Besides, there is a whole litany of "Costs too much", from cleaning the air and rivers, to reducing pollution form cars, to gas mileage to electric cars, to wind power and solar power. All going to be too expensive.

And we have cleaner air water and land, cars that get good gas mileage and low pollution and good performance, electric cars that have decent range and can beat the crap out os most vehicles, and lately ther has bee the begginings of whining about wind and solar having a competitive edge.

It's called progress. It's called better quality of life. Just like we don't kill people in London with coal burning pollution or light the Cuyahoga river on fire:

We gotta move on, even if it costs a little money. And in the end, it can even be profitable.

Comment: Re:More ambiguous cruft (Score 1) 468

by Ol Olsoc (#48943045) Attached to: The Gap Between What The Public Thinks And What Scientists Know

So, we shouldn't use glyphosphate because plants could become resistant and then we can't use glyphosphate? That doesn't make much sense.

Sorry you got that from my post. Just like antibiotics, we should use herbicides sensibly. If you can nuke those weeds, it looks awesome and pristine out in th fields, and if the cash crop don't mind, it's balls to the wall.

When you use large amounts of Herbicides, and indiscriminately, there are maybe 1 in 10,000 plants that you were trying to kill that don't shrivel up and dry. Eventually, they are the ones you are trying to kill, but now "Roundup ready" is worthless, because you have ot use a different herbicide.

And yeah, farmers will pour on the Roundup, because in conjunction with Roundup ready seeds, they can increase yields,

For a while.

Comment: Re:More ambiguous cruft (Score 3, Insightful) 468

by Ol Olsoc (#48939863) Attached to: The Gap Between What The Public Thinks And What Scientists Know

Have you ever spoken to farmers?? The half dozen farmers I've talked with all say the same thing (I grew up in a small, rural community), most of them were older than 60 and had been farmers for decades. They don't have the time, money, or resources to collect, process, and store seeds, they always buy them. These guys LOVE GMO crops because of the increased yields and predictability.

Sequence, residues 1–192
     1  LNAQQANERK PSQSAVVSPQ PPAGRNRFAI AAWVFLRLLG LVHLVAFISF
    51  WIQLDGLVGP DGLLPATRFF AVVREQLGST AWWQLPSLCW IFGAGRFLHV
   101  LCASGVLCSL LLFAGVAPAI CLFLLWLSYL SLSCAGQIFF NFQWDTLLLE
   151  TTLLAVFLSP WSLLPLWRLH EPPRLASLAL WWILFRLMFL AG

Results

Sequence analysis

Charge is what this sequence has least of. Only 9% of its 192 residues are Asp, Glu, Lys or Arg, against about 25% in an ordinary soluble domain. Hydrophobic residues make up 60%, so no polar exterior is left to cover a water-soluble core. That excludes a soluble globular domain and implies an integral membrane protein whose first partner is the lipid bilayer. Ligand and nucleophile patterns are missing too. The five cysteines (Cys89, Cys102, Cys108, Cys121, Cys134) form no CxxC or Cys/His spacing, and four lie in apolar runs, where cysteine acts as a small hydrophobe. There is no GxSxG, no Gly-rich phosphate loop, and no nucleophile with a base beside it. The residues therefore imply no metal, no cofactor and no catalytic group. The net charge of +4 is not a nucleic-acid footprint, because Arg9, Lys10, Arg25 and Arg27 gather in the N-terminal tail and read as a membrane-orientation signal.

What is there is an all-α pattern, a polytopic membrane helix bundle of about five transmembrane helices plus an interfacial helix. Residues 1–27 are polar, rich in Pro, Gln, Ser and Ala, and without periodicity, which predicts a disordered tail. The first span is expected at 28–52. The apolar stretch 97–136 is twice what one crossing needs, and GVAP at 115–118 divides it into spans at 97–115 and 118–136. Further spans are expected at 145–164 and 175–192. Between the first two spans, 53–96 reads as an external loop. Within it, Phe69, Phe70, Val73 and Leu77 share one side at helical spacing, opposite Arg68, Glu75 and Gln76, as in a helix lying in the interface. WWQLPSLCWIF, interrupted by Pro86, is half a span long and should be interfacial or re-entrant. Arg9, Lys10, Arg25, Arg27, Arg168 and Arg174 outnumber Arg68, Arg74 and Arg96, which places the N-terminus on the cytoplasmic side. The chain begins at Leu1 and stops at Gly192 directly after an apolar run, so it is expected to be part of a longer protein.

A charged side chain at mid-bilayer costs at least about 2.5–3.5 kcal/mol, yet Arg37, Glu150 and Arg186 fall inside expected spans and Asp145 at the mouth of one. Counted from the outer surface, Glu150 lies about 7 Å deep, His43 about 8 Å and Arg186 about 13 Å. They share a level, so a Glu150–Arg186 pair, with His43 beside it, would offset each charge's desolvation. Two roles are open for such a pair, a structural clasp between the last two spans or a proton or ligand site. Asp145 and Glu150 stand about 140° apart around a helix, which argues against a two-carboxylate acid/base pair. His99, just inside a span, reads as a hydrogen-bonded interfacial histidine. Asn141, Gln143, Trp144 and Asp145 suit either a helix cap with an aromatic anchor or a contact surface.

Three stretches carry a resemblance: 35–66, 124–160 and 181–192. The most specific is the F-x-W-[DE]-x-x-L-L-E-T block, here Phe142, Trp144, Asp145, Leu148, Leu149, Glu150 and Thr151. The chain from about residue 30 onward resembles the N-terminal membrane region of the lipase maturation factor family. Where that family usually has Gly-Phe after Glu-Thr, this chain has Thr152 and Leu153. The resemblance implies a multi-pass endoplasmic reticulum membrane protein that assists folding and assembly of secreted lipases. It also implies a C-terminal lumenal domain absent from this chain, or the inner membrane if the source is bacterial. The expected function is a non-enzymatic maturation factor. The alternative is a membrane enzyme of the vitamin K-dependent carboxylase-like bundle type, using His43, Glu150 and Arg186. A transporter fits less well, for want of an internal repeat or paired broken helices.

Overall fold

This stuff is great, until we find out we are cultivating super-weeds. Google "Roundup Ready resistance". Eventually, we'll have to find a different chemical to control weeds. Then another. Then another.

Complete side note, but organic farmers have started using water jets to get rid of weeds. Even more they have been adding things like corn gluten to the pressure weeders to fertilize at the same time as they cut. The gluten helps kill the weeds too.

The downside is that it's at least a two person job. Someone has to drive while another aims and shoots. No known resistance has been developed to a high pressure water jet.

Disclaimer: I am not anti GMO. I am however, concerned about pesticide resistance, and the concept of engineering plants to allow us to use more pesticides, which is a fine way to accelerate resistance. I also eat organic as much as possible because I think it tastes better - but harbor no delusions of us feeding the world that way.

Comment: Strange Stuff here (Score 3, Interesting) 199

by Ol Olsoc (#48939481) Attached to: New Study Says Governments Should Ditch Reliance On Biofuels
I hate the idea of growing corn for fuel.

But I gotta call bullshit on this report. If biofuels fail, it will be because of political interference in the process, not some inherent shortcoming. Many ways to generate fuel, but The politics involved seem to have us concentrate on corn based fuel, are chosen to send money towards farming interests more than make for efficiency.

There are ways to pretty efficiently generate biofuel that don't use food crops. Problem is, they don't use a biosource that fits in with the political baksheesh process. So we use corn.

There are some elephants in the room anyhow.

We do really need an energy dense fuel source that we can transport efficently with many vehicles. Airplanes, jet fighters, long distance heavy freight trains aren't likely to ever run on batteries. And unless there is really a never ending, hence abiotic supply of oil, we're going to have to find something else. Problem is, petrofuels set a pretty high bar.

Though widely reviled by some, ethanol is here to stay as a fuel additive. Of all the choices in boosting octane, it is about the best. Tetraethyl lead is nasty-ass deadly toxic stuff, and MTBE is capable of tainting groundwater with ease. Ethanol one way or the other is needed. It's interesting that some 6 percent of the nation's fuel supply is now ethanol additives.

So if a certain amount is needed just to keep running our petrofuels in the first place, we should look at generating it efficiently. Drinkypoo notes algae generation. I've seen the reactors (who ever thought I'd be giving a citation to a "drinkypoo" Oh well, when you're right, you're right.

Another thing is as long as we are burning stuff, the concept of what makes for less carbon in the atmosphere ends up just silly arguments. A certain amount of energy is going to be had by burning, so we have on concentrate on burning what we must, and moving away from it for everything else.